I like to combine different techniques. Each technique or product has its strengths and weaknesses. Combining approaches provides more opportunities for self-expression.
Let's get started!
This tutorial uses a T-shirt is an example. My goal was to convey a sense of a wild wintry wind.
Looking through my supplies, the only way to get a few of the colors I wanted was to blend Dye-Na-Flow. So I started the t-shirt with Dye-Na-Flow, blending some colors and using others as is.
The muddy beige lines in the following pic are a resist that provides a border to keep Dye-Na-Flow from spreading willy-nilly. This resist washes out.
Here's the finished Dye-na-Flow, my first layer of creating the shirt, after it has dried, been set, then washed to get out the resist. Ready for more painting:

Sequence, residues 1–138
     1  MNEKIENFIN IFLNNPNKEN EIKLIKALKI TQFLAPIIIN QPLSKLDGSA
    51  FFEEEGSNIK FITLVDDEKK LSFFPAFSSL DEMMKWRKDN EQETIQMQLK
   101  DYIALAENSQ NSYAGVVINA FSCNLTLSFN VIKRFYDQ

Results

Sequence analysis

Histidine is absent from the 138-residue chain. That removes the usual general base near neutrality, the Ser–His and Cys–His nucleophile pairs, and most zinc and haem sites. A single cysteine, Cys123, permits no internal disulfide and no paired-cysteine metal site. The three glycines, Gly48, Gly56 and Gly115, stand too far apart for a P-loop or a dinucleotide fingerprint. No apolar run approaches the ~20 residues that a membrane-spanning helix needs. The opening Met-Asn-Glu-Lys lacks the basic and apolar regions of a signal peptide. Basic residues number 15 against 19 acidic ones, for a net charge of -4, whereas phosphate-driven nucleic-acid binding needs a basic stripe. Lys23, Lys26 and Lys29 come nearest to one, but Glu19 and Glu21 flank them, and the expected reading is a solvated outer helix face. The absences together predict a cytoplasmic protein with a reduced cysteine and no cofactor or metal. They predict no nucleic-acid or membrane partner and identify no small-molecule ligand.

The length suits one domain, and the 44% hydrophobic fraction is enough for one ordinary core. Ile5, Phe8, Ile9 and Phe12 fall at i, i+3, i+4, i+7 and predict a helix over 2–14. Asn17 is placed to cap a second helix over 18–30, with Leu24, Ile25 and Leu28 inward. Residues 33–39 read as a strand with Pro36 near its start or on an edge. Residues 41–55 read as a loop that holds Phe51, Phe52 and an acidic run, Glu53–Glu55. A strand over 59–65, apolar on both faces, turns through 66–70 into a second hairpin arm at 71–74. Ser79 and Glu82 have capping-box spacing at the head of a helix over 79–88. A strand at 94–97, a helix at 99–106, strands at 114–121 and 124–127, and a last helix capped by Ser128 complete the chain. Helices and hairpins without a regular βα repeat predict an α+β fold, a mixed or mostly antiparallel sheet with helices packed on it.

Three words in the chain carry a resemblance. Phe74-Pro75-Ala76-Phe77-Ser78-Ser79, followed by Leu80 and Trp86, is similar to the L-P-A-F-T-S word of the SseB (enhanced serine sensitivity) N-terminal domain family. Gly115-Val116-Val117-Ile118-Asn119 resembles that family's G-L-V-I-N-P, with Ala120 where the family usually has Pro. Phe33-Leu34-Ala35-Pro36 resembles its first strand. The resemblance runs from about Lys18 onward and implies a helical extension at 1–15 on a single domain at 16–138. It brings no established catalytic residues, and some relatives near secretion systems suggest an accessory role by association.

Next step: I drew with Jacquard's Water-Based Silver resist. It has a lovely metallic quality:
If your efforts don't result in what you envision, adding other techniques or products can bring the piece to life. Using various approaches helps a piece culminate. Example: Despite the T-shirt's swirls of Dye-na-Flow and silver resist, adding blue lines finally made the windblown look I wanted. I used a fine point Tee Juice pen:
I added other details with green Tee Juice. I wanted the shirt to hint at winds blowing cold, with green buds starting to show.
After the Tee Juice and silver resist dried, and I'd set them, I added Lumiere Super Sparkle to bring frost and snow to the wind:
I wanted more wintryness = add another product. Mixed three Pearl Ex colors (into Jacquard's Colorless Extender) for the color I wanted: a subtle and soft lavenderish pearl, which I applied and set.
Enjoy combining techniques. Go for broke! Here is another Detail of the finished painting:
Frame, wear, or do both: Display on a rod slid through the arms, an easy, modern presentation to bless your home, and allowing you to quickly remove the shirt for wearing.
This tutorial was provided by Francesca De Grandis, from her site Outlaw Bunny.